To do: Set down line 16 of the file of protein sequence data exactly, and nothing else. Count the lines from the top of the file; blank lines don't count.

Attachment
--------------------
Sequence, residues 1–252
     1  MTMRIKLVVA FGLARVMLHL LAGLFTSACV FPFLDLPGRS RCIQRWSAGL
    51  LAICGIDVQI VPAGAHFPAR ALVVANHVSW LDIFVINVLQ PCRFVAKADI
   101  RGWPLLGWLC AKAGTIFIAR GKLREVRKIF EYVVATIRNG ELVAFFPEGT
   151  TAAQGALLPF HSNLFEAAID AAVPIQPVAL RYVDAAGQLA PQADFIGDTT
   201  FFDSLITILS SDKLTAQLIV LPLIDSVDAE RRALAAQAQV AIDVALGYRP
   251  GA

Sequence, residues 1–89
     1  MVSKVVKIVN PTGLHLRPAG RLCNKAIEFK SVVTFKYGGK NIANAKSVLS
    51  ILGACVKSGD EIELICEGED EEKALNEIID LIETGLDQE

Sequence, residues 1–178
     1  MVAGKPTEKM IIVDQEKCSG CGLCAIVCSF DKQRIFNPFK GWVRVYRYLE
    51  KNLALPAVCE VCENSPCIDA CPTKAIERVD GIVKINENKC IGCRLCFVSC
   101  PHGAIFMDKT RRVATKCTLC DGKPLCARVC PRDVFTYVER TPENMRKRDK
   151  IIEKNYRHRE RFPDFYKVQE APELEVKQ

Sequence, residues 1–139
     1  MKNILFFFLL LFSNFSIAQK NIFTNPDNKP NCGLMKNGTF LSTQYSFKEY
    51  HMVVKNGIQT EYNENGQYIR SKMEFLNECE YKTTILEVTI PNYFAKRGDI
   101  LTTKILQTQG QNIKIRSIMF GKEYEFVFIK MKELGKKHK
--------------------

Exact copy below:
Sequence, residues 1–139